Near the castle, and not far from the washerwoman’s, lived a henwife with two ragged little daughters. One of them came around the washerwoman’s house to play. The child looked so poor and her clothes were so torn and dirty that the princess took pity on her, and cut the clothes with the scissors which she had.
That moment the most beautiful dress of cloth of gold ever seen on woman or child in that kingdom was on the henwife’s daughter.
When she saw what she had on, the child ran home to her mother as fast as ever she could go.
“Who gave you that dress?” asked the henwife.
“A strange woman that is in that house beyond,” said the little girl, pointing to the washerwoman’s house.
The henwife went straight to the Queen of Tir na n-Og and said: “There is a strange woman in the place, who will be likely to take your husband from you, unless you banish her away or do something to her; for she has a pair of scissors different from anything ever seen or heard of in this country.”
When the queen heard this she sent word to the princess that, unless the scissors were given up to her without delay, she would have the head off her.
The princess said she would give up the scissors if the queen would let her pass one night with her husband.
The queen answered that she was willing to give her the one night. The princess came and gave up the scissors, and went to her own husband; but the queen had given him a drink, and he fell asleep, and never woke till after the princess had gone in the morning.
Next day another daughter of the henwife went to the washerwoman’s house to play. She was wretched-looking, her head being covered with scabs and sores.
The princess drew the comb three times over the child’s head, cured it, and covered it with beautiful golden hair. The little girl ran home and told her mother how the strange woman had drawn the comb over her head, cured it, and given her beautiful golden hair.
The henwife hurried off to the queen and said: “That strange woman has a comb with wonderful power to cure, and give golden hair; and she’ll take your husband from you unless you banish her or take her life.”
The queen sent word to the princess that unless she gave up the comb, she would have her life.
The princess returned as answer that she would give up the comb if she might pass one night with the queen’s husband.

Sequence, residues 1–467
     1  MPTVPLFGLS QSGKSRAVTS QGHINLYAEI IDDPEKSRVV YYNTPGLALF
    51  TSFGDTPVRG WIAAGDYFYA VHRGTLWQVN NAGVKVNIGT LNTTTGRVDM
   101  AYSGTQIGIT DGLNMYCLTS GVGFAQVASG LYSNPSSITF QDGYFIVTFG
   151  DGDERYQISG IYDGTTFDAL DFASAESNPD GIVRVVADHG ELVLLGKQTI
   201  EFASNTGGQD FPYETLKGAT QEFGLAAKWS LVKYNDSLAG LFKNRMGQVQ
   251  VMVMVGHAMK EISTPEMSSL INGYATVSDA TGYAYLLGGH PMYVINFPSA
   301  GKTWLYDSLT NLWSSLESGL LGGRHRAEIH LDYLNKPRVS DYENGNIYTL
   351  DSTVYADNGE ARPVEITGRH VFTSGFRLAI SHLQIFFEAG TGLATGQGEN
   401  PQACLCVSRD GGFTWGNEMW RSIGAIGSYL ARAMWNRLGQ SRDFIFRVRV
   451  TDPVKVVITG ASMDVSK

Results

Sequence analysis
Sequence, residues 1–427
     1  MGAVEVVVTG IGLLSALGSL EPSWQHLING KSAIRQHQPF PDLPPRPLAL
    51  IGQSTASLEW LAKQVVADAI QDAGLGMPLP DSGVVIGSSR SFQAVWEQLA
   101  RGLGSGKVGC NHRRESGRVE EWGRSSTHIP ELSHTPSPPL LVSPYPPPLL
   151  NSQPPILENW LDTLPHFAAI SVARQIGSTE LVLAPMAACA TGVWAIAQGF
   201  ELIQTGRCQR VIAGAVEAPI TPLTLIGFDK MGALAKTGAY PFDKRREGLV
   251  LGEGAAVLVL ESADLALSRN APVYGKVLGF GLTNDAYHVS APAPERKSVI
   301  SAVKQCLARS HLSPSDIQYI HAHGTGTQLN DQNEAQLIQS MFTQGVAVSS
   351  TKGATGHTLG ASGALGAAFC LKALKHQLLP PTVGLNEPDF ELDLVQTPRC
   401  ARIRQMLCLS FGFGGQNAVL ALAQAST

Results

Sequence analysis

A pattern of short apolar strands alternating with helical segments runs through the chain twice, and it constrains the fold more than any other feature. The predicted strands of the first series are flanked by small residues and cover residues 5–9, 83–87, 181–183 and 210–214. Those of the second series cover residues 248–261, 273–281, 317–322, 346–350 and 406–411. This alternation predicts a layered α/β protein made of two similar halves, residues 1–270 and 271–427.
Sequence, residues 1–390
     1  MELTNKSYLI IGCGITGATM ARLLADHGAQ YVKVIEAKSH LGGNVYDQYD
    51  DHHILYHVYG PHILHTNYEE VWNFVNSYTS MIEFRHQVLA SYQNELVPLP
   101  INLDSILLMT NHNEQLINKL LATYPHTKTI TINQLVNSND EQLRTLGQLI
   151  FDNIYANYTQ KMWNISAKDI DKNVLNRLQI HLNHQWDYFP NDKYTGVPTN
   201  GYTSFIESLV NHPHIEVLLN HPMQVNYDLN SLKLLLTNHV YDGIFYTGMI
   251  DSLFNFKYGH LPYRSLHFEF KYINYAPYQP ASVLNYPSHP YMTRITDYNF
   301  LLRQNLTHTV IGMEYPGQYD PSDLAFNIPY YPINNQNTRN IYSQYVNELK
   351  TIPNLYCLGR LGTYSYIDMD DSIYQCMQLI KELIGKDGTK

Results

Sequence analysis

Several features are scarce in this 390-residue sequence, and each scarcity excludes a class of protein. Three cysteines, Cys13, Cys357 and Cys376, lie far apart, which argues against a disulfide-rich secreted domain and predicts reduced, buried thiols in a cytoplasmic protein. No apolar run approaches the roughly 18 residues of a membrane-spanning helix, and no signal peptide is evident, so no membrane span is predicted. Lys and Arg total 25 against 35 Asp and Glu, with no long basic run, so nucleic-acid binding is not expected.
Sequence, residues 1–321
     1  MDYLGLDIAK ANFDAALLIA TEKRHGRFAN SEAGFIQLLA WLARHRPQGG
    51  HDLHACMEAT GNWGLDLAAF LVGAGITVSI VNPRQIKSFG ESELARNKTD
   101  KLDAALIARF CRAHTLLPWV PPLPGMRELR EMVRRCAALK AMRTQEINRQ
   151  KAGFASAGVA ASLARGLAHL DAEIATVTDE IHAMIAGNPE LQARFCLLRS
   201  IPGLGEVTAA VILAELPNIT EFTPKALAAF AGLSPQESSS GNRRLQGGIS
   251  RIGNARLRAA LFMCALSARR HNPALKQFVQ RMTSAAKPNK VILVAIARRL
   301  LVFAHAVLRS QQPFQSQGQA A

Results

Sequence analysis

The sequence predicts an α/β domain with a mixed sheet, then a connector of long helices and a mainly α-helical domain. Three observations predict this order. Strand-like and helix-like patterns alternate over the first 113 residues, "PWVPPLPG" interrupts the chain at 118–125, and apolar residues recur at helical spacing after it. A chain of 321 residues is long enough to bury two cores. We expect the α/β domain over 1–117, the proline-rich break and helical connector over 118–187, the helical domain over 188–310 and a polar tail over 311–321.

The queen was willing, and gave her husband a draught as before. When the princess came, he was fast asleep, and did not waken till after she had gone in the morning.
On the third day the washerwoman and the princess went out to walk, and the first daughter of the henwife with them. When they were outside the town, the princess put the whistle to her mouth and blew. That moment the birds of the air flew to her from every direction in flocks. Among them was a bird of song and new tales. The princess went to one side with the bird. “What means can I take,” asked she, “against the queen to get back my husband? Is it best to kill her, and can I do it?”
“It is very hard,” said the bird, “to kill her. There is no one in all Tir na n-Og who is able to take her life but her own husband. Inside a holly-tree in front of the castle is a wether, in the wether a duck, in the duck an egg, and in that egg is her heart and life. No man in Tir na n-Og can cut that holly-tree but her husband.”
The princess blew the whistle again. A fox and a hawk came to her. She caught and put them into two boxes, which the washerwoman had with her, and took them to her new home.
When the henwife’s daughter went home, she told her mother about the whistle. Away ran the henwife to the queen, and said: “That strange woman has a whistle that brings together all the birds of the air, and she’ll have your husband yet, unless you take her head.”
“I’ll take the whistle from her, anyhow,” said the queen. So she sent for the whistle.
The princess gave answer that she would give up the whistle if she might pass one night with the queen’s husband.
The queen agreed, and gave him a draught as on the other nights. He was asleep when the princess came and when she went away.
Before going, the princess left a letter with his servant for the queen’s husband, in which she told how she had followed him to Tir na n-Og, and had given the scissors, the comb, and the whistle, to pass three nights in his company, but had not spoken to him because the queen had given him sleeping draughts; that the life of the queen was in an egg, the egg in a duck, the duck in a wether, the wether in a holly-tree in front of the castle, and that no man could split the tree but himself.
As soon as he got the letter the husband took an axe, and went to the holly-tree. When he came to the tree he found the princess there before him, having the two boxes with the fox and the hawk in them.
He struck the tree a few blows; it split open, and out sprang the wether. He ran scarce twenty perches before the fox caught him. The fox tore him open; then the duck flew out. The duck had not flown fifteen perches when the hawk caught and killed her, smashing the egg. That instant the Queen of Tir na n-Og died.
The husband kissed and embraced his faithful wife. He gave a great feast; and when the feast was over, he burned the henwife with her house, built a palace for the washerwoman, and made his servant secretary.
They never left Tir na n-Og, and are living there happily now; and so may we live here.